The reason these companies are are rushing to get products out the door is because whoever is a player in this space is likely to control user data over the long run. If users don’t have to put profile and friend information into multiple sites, they will gravitate towards one site that they identify with, and then allow other sites to access that data.

Google will have to catch up with MySpace and FaceBook as it doesn’t have a gigantic pool of active users like the 2 social networks sites already have. What? Google is not leading the way for once?

Google serioulsy pisses me off

What I think of Google is no secret. They are evil. Very little people realize it yet but I can tell you that in a few years from now, we will see more and more anti-Google groups popping up.

I just read an article on CNN.com about the Yahoo/Google ad deal, and here is what pissed me off:

Schmidt said he wanted to keep Yahoo out of Microsoft’s hands largely because he was concerned the world’s largest software maker would abuse the added power it would acquire in e-mail and instant messaging to limit consumer choices.

Ohhhhh, Google was “concerned” people wouldn’t have much choice…. Well, Google doesn’t seem to be much “concerned” about dominating the ad market. They don’t seem much concerned about not leaving web publishers much choice about generating revenues (Adsense is pretty much your only choice).

Google actually shit their pants! They knew if Microsoft was gonna get Yahoo, Google would have taken a huge slap in the face (and a huge drop in ad revenues).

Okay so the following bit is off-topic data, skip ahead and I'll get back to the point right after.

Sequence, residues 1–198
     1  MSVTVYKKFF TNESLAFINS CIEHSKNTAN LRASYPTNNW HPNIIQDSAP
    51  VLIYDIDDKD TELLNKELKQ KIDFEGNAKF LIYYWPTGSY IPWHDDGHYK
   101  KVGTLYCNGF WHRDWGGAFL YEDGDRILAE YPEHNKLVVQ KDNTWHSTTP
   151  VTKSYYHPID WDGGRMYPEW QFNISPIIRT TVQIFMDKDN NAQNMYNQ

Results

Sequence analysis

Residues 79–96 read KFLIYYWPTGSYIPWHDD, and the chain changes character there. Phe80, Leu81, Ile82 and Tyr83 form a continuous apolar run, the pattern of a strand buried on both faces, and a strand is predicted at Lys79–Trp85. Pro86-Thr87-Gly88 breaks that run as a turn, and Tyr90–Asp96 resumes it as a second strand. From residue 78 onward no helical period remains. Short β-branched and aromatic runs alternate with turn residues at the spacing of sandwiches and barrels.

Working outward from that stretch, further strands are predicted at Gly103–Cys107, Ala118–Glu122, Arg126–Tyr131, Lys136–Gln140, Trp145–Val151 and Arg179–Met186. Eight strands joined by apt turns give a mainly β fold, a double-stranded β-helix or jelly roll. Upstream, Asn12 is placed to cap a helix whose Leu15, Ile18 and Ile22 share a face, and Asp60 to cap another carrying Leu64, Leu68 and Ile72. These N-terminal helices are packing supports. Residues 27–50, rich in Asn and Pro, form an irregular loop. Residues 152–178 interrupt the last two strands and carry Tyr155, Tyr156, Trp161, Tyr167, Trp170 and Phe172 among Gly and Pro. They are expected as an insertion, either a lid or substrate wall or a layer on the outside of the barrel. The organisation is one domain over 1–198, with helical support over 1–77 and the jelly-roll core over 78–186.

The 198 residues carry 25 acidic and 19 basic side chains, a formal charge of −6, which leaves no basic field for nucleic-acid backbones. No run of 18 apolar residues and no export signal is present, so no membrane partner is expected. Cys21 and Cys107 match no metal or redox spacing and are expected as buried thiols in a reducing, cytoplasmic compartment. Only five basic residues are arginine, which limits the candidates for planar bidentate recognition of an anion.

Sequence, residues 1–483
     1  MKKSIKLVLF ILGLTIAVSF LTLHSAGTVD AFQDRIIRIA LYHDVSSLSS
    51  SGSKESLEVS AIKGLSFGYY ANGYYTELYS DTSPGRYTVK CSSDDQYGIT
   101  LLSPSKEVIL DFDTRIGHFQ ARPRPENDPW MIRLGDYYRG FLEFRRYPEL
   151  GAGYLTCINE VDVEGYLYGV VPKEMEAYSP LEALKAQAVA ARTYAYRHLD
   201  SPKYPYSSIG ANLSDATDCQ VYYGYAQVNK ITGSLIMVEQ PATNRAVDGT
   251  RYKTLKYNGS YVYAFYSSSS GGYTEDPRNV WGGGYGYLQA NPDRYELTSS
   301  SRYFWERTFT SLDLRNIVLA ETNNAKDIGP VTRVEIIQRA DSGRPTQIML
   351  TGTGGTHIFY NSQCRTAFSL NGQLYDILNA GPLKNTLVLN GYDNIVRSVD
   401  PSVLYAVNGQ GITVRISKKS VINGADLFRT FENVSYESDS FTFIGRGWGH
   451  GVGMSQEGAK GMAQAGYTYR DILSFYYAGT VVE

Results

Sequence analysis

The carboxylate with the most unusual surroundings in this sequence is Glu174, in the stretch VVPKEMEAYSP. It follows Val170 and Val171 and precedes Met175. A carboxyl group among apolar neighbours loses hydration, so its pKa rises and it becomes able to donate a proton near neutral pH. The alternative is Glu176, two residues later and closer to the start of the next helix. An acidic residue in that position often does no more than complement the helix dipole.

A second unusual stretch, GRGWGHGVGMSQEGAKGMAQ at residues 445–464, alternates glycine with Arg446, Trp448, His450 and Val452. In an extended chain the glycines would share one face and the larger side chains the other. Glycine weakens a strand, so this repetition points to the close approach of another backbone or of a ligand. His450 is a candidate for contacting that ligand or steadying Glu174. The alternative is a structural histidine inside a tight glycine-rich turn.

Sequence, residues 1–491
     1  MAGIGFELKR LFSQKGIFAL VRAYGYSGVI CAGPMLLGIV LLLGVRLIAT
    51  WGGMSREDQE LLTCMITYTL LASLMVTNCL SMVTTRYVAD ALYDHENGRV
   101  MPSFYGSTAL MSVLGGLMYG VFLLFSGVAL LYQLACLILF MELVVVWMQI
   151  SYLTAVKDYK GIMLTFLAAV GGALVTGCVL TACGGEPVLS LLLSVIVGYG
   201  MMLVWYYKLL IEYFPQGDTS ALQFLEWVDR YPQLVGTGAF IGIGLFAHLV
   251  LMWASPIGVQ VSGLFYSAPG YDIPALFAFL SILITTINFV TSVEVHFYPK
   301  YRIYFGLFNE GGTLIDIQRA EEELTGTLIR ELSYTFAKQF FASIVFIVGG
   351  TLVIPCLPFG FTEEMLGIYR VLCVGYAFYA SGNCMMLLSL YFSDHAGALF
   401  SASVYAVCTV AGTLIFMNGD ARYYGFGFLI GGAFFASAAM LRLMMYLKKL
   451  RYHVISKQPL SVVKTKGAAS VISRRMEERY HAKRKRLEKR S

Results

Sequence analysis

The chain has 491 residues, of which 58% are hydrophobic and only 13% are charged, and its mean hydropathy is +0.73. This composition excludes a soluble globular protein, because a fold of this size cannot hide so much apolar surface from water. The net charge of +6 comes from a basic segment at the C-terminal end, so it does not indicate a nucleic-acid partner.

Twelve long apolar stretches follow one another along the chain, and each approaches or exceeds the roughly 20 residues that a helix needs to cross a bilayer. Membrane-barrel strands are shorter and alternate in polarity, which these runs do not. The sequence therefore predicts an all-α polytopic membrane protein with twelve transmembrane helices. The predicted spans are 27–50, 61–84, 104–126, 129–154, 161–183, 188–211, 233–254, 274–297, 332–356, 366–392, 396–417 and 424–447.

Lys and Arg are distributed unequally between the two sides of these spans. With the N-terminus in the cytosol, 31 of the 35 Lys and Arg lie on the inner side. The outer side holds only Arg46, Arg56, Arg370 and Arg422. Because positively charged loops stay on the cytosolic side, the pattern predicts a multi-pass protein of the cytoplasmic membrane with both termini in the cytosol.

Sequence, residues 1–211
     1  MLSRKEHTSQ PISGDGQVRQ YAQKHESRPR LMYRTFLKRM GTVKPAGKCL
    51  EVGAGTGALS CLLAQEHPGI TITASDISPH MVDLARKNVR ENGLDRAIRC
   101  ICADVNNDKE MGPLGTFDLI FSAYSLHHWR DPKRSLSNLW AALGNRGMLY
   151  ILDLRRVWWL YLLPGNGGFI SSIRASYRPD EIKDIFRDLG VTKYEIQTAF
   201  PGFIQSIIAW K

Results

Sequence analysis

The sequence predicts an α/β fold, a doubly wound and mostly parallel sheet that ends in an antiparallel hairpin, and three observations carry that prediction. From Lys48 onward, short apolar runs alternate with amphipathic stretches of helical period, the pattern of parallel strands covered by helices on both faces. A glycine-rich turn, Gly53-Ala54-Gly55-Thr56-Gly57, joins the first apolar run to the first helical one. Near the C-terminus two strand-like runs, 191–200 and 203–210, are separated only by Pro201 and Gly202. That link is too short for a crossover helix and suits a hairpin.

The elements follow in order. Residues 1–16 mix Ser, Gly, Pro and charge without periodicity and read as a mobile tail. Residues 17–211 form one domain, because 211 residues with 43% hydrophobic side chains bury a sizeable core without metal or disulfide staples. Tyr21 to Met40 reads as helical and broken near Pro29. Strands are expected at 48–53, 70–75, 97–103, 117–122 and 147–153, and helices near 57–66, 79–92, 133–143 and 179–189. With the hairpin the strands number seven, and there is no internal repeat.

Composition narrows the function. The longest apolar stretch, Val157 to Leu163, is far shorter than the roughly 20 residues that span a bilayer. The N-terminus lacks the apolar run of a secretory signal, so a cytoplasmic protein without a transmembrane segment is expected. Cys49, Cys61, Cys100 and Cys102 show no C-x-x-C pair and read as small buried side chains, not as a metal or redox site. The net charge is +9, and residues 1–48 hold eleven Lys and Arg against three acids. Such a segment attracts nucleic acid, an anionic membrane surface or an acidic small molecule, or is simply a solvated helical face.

Google Adsense For Search

adsense for searchYesterday, Google officially announced the availability of AdSense for Search for use in combination with the powerful Google Custom Search service, something not possible until now and potentially very welcome to both small and large professional web publishers looking for further ways to optimize their content monetization opportunities while helping their readers find more easily the information they are looking for.

Overview of AdSense for Search Integration With Custom Search:

  • Create a custom, personalized search engine in no time at all
  • Customize the appearance of search results and ads
  • Tune results and ads to your site’s content and audience
  • Get more comprehensive site search results with improved indexing
  • Earn revenue while helping your users find what they’re looking for

Here is a short video that tell you all about it…

VisualRank – Google Image Search

On its Google Research blog, the company has offered a brief introduction to VisualRank, a system that sorts out images by means of visual cues rather than by text associated with the images.

The VisualRank system is not yet live, and Google intimated that the image search technology would not become more widely available anytime soon. It did say that “in the coming months” it would offer more details on an “approach that has an easy integration with both text and visual clues.”

Google’s biggest enemy is Google

Google MobileIs Microsoft Google’s biggest threat? Nope. Is it Yahoo? Think again… Ben Kunz at Business Week wrote a very good article about how Google is actually its own biggest threat.

Google makes money by having ads displayed on your screen, whether when you’re doing a search on Google (these ads at the very top and on the side) but also on “affiliate” websites that use Adsense, Google’s advertising platform for publishers. For those of you who don’t know, publishers can make money from Google when they display Google ads on their site. Some people make really good money! Anyways. (more…)